Star angel investor McClure values Intercom at €500m
Famed US angel investor Dave McClure has said Irish technology company Intercom is worth around half-a-billion dollars.
McClure was an early investor in Dublin-based Intercom, which has developed a customer services platform for businesses. It was founded by chief executive Eoghan McCabe, Ciaran Lee and Des Traynor in 2011 and has raised $116m since then.
"We invested because we thought Eoghan was smart and he had an interesting idea for how to connect with customers" said McClure, speaking from Google's Dublin headquarters at an angel investor event.
"That has far exceeded our hopes. I think he has really created a platform for real-time customer communication.
"That sounds sort of buzz-wordy, but being able to track how customers are interacting your product and being able to fix stuff before it happens, or as it happens, is pretty compelling."
McClure is a very well known investor in start-up companies.
He began his investing career after selling shares in PayPal - he was one of the payments company's first 300 employees. He went on to found investment fund 500 Startups; three of its companies have reached a valuation of over $1bn. McClure's strategy is to invest smaller amounts in as many companies as possible.
Intercom are number one in the world at what they do, McClure said. "They are creating a whole new category of customer interaction."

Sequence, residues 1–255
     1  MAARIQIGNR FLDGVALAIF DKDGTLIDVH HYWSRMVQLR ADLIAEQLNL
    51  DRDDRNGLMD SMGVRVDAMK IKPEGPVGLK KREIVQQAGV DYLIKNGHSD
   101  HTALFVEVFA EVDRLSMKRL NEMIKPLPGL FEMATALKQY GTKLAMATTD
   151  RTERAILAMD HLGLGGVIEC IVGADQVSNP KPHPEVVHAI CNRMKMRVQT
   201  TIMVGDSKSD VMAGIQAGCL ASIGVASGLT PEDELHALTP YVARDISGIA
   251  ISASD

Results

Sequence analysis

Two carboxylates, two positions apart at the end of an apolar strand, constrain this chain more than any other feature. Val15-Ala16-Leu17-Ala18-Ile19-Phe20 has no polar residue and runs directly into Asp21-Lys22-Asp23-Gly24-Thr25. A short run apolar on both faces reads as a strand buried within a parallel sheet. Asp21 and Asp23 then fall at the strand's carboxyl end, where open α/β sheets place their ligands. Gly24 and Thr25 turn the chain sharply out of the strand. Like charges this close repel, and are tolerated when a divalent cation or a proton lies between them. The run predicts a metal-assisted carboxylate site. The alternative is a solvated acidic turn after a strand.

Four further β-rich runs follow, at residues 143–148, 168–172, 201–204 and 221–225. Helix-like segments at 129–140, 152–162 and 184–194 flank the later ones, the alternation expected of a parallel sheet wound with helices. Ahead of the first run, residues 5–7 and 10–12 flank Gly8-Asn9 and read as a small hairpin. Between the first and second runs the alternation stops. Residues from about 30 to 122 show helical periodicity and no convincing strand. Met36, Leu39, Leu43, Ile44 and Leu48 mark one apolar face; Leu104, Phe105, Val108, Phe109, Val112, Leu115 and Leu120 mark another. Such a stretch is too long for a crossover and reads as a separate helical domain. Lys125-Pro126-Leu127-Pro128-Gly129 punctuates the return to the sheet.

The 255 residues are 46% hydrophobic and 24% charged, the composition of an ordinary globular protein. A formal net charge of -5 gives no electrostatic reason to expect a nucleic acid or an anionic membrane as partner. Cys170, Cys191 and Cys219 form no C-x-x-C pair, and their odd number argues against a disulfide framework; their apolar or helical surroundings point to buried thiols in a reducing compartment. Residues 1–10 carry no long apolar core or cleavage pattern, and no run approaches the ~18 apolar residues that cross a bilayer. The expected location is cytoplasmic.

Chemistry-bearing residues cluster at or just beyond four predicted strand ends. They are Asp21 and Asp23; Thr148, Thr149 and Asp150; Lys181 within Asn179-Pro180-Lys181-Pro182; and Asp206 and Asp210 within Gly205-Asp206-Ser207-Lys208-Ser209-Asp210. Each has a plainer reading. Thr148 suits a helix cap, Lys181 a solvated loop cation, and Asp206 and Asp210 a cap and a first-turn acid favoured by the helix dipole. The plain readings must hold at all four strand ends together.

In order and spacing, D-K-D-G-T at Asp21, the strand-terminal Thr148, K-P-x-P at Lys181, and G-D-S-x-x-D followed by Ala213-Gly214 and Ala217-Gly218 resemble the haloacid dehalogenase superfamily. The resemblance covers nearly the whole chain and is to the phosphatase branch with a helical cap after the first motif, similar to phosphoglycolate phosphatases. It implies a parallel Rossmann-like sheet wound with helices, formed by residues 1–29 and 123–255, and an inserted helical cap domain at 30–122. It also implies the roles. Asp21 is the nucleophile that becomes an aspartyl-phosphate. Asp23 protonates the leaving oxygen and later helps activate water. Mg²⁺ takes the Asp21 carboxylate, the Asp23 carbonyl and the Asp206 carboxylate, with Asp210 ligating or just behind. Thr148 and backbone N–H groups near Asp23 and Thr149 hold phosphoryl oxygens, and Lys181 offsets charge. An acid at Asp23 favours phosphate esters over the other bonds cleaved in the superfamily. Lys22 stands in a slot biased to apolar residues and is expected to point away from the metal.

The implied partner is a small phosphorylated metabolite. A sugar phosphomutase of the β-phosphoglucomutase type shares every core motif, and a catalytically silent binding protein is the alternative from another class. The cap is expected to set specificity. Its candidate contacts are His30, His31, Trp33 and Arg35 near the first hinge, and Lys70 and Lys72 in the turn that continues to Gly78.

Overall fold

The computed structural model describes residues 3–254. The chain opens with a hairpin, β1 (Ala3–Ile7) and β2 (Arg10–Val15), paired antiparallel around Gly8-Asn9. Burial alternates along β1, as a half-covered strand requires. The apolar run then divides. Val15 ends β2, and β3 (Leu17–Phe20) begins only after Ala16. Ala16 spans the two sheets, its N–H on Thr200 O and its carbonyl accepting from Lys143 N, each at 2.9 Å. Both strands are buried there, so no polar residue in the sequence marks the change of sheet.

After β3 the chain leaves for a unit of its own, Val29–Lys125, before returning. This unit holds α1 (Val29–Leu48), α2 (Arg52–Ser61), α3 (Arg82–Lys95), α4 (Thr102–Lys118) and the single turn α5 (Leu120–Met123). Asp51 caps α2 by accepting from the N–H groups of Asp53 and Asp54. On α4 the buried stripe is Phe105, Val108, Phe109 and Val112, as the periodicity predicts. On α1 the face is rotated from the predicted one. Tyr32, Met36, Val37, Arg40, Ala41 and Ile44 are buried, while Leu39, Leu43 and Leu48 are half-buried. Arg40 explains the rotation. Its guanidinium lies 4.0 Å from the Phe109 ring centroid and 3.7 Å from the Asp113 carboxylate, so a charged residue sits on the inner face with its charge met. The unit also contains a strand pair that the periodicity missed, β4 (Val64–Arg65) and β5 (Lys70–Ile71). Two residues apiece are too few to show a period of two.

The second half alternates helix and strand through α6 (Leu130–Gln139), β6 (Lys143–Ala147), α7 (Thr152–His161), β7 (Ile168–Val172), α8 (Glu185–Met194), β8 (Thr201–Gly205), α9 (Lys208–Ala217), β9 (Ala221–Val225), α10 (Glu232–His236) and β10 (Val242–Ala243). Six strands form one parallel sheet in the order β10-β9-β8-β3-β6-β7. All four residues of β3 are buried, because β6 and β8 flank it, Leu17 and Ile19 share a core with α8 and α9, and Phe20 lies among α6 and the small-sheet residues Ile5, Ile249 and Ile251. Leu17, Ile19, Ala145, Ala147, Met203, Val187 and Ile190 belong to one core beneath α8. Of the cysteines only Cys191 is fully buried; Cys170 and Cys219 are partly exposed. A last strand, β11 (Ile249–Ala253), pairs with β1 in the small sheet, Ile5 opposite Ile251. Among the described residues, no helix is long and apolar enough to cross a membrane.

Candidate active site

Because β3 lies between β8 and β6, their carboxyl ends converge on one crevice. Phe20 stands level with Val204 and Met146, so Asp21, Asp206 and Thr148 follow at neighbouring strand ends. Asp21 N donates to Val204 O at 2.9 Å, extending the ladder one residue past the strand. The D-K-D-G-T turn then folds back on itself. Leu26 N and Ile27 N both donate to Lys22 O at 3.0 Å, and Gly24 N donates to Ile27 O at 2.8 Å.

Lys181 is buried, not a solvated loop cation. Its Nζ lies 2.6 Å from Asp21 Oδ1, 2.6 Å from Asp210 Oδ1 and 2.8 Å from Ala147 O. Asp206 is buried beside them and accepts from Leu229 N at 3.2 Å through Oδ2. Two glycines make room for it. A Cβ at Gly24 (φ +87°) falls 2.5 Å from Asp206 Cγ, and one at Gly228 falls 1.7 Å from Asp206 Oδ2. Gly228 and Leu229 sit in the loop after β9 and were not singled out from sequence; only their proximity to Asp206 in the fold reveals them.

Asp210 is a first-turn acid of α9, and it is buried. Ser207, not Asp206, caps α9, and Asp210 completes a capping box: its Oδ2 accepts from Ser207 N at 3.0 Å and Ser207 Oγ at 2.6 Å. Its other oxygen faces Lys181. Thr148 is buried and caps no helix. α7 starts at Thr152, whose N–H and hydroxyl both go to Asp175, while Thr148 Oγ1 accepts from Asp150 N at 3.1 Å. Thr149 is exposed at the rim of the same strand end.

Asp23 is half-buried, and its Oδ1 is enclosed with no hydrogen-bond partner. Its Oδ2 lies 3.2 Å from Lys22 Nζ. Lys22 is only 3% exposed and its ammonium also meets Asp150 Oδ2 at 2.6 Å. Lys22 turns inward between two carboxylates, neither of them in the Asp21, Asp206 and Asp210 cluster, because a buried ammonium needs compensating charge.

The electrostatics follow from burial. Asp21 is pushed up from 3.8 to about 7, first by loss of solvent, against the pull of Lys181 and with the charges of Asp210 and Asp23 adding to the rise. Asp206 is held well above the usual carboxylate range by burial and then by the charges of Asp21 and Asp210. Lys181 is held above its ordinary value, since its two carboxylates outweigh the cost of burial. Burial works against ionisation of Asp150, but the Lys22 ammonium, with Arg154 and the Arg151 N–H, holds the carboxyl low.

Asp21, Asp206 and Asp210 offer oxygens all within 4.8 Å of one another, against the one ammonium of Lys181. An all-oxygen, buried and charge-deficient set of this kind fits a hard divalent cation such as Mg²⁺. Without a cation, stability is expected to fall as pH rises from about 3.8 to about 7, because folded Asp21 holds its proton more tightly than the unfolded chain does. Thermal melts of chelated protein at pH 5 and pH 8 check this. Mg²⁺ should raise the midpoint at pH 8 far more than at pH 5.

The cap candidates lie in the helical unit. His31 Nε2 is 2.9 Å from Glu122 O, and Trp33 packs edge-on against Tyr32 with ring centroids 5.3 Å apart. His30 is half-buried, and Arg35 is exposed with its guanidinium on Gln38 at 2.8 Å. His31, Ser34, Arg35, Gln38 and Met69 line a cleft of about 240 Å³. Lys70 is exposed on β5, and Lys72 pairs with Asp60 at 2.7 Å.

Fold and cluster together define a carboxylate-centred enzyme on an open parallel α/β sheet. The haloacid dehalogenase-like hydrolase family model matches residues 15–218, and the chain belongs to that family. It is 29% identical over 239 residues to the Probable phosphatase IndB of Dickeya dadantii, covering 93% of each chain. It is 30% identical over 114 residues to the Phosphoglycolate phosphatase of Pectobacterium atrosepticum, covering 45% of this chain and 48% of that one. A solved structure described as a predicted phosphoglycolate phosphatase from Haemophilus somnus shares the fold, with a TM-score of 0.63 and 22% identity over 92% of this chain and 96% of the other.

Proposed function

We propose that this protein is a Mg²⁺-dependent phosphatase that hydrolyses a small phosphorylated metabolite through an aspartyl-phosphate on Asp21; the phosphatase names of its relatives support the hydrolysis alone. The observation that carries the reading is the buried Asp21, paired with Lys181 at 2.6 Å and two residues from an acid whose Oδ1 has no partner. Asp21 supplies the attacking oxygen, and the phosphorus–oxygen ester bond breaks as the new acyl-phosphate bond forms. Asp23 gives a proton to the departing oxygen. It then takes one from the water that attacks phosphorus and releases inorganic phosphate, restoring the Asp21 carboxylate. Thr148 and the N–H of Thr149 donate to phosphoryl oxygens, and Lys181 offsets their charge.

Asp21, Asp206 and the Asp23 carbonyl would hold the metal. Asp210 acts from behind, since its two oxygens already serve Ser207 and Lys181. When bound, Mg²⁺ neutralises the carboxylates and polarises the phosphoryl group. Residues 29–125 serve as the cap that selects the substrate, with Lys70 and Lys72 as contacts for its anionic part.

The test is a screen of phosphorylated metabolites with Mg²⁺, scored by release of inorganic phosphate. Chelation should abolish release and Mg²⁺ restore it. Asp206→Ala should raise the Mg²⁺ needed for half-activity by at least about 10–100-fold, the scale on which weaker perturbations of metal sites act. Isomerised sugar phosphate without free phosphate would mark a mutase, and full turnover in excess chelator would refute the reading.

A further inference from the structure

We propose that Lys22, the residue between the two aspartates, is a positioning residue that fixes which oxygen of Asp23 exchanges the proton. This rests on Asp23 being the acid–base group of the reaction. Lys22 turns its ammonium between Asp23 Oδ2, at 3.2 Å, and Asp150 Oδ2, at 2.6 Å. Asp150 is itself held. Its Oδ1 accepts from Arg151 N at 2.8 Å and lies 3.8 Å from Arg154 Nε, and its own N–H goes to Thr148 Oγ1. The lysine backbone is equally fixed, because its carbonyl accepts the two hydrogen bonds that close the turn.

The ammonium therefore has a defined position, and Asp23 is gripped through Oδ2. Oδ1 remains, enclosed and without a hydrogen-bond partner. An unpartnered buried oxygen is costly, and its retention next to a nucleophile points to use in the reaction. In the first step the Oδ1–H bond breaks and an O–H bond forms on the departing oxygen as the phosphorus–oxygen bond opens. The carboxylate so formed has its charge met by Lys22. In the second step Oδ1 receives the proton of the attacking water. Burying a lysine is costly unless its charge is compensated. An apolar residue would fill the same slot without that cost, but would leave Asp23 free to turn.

But Ireland is not in his top ten locations for producing start-ups.
"There are plenty of smart people here and lots of companies that have moved operations here for their European headquarters so there is no reason why it couldn't or shouldn't be.
"There is certainly a fairly active environment for large companies here because of tax policy.
"One should lead to the other - if you have a lot of larger companies operating here there, should be a pretty active environment for entrepreneurship and angel investing.
"At the moment, London and Berlin are the places we are paying more attention to [in Europe]."
McClure has visited Ireland at least once a year for the past five, primarily to attend Paddy Cosgrave's Web Summit. The move of Web Summit from Dublin to Lisbon was a loss for Ireland, he said.
"If I could wave a magic wand I would probably do my best, if I were on the government policy side, to keep it."
Sunday Indo Business